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The Mars Helicopter is Online and Ready to Fly


The first helicopter on another Planet sent a signal to the control center after the rover Perseverance touched down at Jezero Crater on Mars on February 18th.

 

The first helicopter ever sent to another planet is doing well on Mars after surviving the “seven minutes of horror” on board of NASA’s Perseverance.

 

Suppose the revolutionary Ingenuity helicopter, currently stowed aboard the similarly spectacular Mars Perseverance rover, accomplishes its planned mission. In that case, Mars will become the second planet to have a powered aircraft fly through its atmosphere.

 

Ingenuity has sent its first status report since landing on Mars.

 

The signal, which arrived via the iconic Mars Reconnaissance Orbiter (MRO), reports on the state of the batteries of the helicopter as well as the operation of the base station, which, among other things, operates the critically important heaters that keep the electronics within an acceptable temperature range.

 

Following this positive report, the six lithium-ion batteries will continue to be charged to about 30% of their planned capacity and the data will be sent back to Earth to decide how to proceed with future battery charging sessions.

 

Once Perseverance deploys Ingenuity to the surface, the helicopter’s batteries will be charged from its own solar panel, and the helicopter will have an experimental time window for a test flight of 30 Martian days (31 Earth days).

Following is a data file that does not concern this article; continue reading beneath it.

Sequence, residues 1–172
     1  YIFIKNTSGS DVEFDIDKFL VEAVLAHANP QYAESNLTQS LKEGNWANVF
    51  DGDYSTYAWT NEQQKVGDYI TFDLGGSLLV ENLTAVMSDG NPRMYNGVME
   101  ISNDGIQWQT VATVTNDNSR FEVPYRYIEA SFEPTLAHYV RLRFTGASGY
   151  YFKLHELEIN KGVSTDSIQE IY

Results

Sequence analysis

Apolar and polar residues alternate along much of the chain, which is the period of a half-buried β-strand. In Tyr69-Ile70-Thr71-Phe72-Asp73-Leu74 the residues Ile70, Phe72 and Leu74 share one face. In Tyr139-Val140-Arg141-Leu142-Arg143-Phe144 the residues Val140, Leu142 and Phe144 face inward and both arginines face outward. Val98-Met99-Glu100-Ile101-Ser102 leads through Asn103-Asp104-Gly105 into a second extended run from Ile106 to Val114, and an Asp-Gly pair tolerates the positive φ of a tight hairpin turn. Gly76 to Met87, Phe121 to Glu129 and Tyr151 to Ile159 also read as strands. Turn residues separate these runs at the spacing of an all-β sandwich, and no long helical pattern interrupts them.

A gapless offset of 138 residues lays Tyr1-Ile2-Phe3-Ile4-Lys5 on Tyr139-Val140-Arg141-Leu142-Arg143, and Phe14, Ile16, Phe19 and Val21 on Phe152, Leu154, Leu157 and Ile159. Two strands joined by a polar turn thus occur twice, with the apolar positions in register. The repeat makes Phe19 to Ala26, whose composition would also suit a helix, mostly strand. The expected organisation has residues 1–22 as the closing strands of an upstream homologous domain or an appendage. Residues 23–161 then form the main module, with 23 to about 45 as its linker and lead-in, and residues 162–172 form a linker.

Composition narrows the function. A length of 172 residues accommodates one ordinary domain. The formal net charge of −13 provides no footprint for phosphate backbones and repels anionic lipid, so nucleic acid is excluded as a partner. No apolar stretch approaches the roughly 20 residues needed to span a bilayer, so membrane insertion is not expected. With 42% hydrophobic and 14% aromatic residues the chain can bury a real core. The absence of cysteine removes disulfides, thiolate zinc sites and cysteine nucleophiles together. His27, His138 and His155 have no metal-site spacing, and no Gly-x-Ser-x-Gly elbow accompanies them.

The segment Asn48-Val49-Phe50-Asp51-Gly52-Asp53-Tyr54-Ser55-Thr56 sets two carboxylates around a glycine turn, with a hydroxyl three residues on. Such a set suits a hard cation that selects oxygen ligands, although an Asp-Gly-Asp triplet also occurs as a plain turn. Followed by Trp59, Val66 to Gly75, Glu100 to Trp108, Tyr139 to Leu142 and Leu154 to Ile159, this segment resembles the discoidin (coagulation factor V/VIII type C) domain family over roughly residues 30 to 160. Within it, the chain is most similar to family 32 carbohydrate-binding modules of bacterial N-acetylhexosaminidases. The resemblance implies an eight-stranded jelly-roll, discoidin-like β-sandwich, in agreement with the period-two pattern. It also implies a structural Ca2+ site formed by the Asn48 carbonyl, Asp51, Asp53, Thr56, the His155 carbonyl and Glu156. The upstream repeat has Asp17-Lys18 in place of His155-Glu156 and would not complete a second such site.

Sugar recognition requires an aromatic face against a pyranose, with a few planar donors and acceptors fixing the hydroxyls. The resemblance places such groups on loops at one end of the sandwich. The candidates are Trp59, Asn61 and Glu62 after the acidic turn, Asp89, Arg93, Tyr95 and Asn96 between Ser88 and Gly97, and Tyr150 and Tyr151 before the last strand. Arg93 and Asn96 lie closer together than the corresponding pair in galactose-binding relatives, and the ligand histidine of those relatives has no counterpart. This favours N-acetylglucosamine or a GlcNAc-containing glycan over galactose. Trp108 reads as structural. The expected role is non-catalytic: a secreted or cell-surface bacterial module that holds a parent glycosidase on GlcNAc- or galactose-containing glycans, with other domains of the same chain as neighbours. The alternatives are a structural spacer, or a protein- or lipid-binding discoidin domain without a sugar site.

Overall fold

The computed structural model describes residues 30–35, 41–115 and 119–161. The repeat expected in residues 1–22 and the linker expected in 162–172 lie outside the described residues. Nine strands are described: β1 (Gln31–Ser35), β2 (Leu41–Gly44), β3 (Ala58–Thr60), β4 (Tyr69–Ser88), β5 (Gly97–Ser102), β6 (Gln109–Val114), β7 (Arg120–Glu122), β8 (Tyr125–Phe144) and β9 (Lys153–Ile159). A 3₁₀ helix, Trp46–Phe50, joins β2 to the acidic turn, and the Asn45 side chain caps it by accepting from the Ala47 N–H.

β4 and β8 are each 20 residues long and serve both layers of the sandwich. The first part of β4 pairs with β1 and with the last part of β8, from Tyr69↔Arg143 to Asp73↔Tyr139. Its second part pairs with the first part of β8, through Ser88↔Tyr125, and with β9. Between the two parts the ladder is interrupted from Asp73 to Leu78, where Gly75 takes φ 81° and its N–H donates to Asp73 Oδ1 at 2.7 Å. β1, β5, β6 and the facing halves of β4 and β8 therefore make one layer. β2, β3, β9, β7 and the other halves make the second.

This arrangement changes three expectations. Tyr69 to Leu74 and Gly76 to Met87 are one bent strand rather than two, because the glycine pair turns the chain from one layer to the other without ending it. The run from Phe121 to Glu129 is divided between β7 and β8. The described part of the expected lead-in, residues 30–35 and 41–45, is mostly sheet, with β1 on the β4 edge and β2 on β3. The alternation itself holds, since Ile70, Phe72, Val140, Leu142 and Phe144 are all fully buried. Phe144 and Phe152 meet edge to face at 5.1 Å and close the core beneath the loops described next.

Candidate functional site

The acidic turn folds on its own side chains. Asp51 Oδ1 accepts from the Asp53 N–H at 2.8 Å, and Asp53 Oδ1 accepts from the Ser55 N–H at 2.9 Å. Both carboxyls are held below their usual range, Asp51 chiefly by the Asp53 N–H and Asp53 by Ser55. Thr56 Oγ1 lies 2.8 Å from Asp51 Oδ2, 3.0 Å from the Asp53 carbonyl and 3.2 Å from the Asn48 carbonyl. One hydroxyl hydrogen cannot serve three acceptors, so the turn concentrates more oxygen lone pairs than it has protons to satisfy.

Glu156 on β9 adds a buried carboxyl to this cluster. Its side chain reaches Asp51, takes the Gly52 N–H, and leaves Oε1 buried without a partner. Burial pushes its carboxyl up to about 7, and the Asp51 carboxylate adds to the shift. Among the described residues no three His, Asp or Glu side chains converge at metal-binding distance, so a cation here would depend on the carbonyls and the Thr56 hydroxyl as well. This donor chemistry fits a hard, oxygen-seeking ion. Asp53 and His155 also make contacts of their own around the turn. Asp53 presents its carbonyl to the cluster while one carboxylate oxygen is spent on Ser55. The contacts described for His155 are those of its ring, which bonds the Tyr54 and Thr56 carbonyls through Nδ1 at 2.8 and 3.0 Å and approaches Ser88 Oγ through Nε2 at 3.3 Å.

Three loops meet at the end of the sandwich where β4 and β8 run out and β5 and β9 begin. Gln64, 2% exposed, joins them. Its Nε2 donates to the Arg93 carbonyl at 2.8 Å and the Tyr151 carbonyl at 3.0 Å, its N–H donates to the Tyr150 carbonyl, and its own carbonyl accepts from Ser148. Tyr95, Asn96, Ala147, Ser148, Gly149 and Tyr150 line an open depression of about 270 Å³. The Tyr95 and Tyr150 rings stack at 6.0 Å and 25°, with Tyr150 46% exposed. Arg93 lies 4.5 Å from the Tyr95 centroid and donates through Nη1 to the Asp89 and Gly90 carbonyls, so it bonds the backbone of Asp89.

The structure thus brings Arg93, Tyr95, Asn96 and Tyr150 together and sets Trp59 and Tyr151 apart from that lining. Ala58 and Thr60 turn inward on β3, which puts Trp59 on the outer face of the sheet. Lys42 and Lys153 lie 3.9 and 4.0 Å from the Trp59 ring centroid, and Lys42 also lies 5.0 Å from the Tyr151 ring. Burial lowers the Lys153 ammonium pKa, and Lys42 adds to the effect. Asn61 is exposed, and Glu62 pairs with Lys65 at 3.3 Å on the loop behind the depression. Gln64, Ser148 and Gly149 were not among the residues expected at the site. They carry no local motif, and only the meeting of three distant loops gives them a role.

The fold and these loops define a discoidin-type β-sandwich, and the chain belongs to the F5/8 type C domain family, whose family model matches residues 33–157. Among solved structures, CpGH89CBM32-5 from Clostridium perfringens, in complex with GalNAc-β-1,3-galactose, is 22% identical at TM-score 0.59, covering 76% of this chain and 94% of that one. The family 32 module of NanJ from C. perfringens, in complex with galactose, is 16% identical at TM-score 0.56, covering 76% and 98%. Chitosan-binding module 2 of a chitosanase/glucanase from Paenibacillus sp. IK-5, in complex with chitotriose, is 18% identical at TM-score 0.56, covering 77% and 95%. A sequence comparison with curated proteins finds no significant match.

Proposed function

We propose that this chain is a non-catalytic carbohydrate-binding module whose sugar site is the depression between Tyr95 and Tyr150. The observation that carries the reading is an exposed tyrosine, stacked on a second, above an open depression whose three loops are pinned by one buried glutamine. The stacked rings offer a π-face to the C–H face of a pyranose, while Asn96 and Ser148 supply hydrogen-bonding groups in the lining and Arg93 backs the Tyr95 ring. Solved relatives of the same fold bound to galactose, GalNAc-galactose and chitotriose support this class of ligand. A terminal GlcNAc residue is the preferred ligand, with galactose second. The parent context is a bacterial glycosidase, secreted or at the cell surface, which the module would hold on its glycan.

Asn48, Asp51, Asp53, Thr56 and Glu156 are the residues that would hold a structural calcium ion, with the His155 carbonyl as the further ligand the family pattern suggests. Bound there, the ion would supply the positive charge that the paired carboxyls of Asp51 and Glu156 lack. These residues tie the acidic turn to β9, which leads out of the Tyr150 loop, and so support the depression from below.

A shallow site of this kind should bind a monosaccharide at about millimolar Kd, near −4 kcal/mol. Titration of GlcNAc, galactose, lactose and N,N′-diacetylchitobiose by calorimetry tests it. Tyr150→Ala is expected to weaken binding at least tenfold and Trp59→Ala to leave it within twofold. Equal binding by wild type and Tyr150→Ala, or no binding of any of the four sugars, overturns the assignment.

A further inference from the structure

If Ingenuity survives the first frosty Martian nights – where temperatures drop to minus 90 degrees Celsius – the team will continue with the first flight of an aircraft to another planet.

 


One of the most significant obstacles for landing on Mars will continue to present problems for our heroic helicopter now that it is safely on the surface. The atmospheric pressure on the surface of Mars is only about 1% that of Earth. To put that in perspective, the summit of Mount Everest has only one-third the atmospheric pressure of sea level.

 

The rarefied air on Mars makes helicopter flight extraordinarily challenging. Ingenuity will spin its two counter-rotating rotors five times faster than Earthly helicopters, about forty times per second. Ingenuity is also light, only about 1.8 kilograms. The rotors are about 1.2 meters in diameter and are relatively oversized to maximize lift. Fortunately Mars does give Ingenuity a break in one area – the Red Planet has only about one-third of the surface gravity of the Earth.

The helicopter does not play a critical role in the scientific mission of Perseverance. In essence, this is a technological demonstration or proof of concept, and the data collected by Ingenuity will be used in engineering future Martian aircraft. If Ingenuity manages to take off and stay during its first flight, over 90% of the project’s goals will be achieved. If the helicopter lands successfully and everything is fine, up to four more flights can be tried, and each subsequent one will make the helicopter’s mission even more successful.

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